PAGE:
Running Your Android/Cordova App

Running the app

If this is your first Android/Cordova app, you’re going to find out pretty quickly (like in the first 5 minutes) that you’ll need a place to run it. You have a few options:

On Your Phone

It is easy to run the app on your own Android phone.  I’m listing this option first because it is reasonably quick, and quicker than the SDK emulator.   First go to Settings, turn on Developer Options and make sure USB Debugging is checked.    You can then connect to your development machine with a USB and execute:

cordova run android

Android SDK Emulators/Virtual Devices

The Android SDK comes with a variety of emulators, none of which are initially installed.  First run the Android Virtual Devices manager:

android avd

Here you can create one or more Virtual Devices which emulate different phones.  Add a new device and configure it.   Virtual devices can also be downloaded from smart phone manufacturers, if you want to be specific in your testing.  The following command will build and run your app on the virtual device:

cordova emulate android

Of course you can specify which virtual device you want to start up, or use the default.

This emulator is probably the most accurate representation of a phone that you can run, without actually installing on a real one.   But it is very slow to start up and run.  I found myself looking for an alternative almost immediately.

Just Use the Browser

It quickly occurred to me that because I was writing an HTML/JavaScript app (Cordova) that I could just run it in the browser.  So I chose my favorite node.js based lightweight server and was up and running in a few minutes.  This worked fine for basic functionality, and of course is very handy for addressing JavaScript issues.  This is the world I expect to work in, for most of my app’s functionality, because I’m using Ionic/AngularJS.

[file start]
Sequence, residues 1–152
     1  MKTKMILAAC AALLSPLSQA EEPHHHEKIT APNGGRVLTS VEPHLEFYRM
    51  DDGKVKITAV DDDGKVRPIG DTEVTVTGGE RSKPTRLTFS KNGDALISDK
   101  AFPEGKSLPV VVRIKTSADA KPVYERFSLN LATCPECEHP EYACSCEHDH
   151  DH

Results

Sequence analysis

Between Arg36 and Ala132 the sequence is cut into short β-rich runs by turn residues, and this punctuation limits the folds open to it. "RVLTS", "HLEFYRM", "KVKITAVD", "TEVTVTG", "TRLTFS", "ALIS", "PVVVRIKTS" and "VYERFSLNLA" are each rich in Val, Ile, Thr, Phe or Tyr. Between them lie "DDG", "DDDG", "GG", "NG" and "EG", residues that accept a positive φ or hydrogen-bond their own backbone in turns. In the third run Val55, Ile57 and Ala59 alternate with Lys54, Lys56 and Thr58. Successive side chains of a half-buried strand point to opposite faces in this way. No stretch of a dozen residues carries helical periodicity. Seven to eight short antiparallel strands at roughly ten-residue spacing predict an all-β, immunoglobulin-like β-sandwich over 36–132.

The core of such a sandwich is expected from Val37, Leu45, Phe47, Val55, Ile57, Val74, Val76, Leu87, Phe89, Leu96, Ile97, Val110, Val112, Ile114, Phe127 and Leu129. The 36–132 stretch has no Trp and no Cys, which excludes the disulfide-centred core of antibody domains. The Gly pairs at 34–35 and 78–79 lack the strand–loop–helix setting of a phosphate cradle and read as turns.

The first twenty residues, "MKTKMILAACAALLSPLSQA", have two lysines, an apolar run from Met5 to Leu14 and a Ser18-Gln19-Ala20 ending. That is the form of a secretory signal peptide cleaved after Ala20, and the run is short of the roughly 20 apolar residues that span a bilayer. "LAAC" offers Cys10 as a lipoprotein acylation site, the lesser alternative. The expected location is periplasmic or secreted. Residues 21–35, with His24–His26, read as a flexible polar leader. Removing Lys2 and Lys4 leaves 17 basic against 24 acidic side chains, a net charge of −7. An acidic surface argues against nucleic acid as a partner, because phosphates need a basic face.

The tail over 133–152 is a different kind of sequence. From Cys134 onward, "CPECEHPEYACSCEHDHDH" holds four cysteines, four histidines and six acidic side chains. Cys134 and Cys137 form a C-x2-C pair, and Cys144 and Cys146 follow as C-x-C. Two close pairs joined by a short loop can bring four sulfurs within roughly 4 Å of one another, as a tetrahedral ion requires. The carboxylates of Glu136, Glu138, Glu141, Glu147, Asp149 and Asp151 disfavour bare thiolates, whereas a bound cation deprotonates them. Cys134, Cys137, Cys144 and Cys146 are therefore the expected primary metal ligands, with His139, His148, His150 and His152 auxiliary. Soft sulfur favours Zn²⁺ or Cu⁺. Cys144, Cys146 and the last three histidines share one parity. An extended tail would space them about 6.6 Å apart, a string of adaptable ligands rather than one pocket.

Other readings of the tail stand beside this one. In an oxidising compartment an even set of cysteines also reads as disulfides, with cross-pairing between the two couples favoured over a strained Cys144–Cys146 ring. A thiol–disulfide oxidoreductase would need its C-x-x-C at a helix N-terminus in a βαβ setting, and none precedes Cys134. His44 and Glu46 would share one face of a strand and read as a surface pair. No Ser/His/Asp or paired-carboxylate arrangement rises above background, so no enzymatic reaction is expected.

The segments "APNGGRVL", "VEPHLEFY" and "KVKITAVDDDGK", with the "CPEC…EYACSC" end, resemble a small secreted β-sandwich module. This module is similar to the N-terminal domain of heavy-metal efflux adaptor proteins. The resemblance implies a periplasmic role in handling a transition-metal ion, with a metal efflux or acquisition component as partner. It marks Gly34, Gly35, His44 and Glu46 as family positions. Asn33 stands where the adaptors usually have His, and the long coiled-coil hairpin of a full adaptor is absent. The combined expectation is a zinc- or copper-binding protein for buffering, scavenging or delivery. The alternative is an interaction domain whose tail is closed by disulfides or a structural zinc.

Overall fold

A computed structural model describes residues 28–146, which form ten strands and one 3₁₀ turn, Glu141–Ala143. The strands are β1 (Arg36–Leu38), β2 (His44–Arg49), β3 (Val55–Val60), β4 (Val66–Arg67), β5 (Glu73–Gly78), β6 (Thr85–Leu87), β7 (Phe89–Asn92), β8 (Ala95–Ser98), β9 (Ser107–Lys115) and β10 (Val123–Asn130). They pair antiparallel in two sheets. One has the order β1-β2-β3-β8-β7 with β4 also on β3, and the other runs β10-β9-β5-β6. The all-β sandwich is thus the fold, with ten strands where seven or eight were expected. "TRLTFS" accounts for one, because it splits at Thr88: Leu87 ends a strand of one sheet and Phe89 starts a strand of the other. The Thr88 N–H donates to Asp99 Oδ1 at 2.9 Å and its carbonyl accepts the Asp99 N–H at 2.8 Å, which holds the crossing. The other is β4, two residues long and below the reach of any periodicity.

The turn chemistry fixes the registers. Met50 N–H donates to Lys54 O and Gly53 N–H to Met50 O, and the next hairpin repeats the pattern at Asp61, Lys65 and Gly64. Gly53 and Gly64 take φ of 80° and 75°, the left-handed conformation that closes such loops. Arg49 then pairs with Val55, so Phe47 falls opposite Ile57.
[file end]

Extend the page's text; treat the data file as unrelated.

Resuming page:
However this approach has a few disadvantages:  it’s not going to win any awards for appearance – I could not use this method for a client demo or screen shots.   And worst of all, it is ONLY for web functionality.

Also, I ran into an issue which didn’t show up here.  Of course.  It’s not running any of the Cordova scaffolding, so the minute you start changing configuration settings or want to check permissions, you need something more “real”.   I expect this method to break if I write custom extensions or need other features that chrome does not offer.


I have used Ripple on a limited basis, but it appears to be a nice compromise between the incredibly slow SDK emulator and the “just run in browser” approach.

If you’re new to Ripple, here’s the 30 second low-down: It runs within Chrome, but you start it from the command line.   Do NOT install the chrome extension.  Just install it from npm as follows:

npm install -g ripple-emulator

You’ll still need to run in your phone or the SDK emulator, and I suggest doing so whenever you make a change to the configuration or underlying Java.  For example, the renaming problem I encountered did not show up in Ripple, though it did in the SDK emulator.

In summary, I expect you’ll be looking at your app using a variety of methods, depending on what you’re testing or need to do.    Let me know if I’ve left anything out, and good luck!


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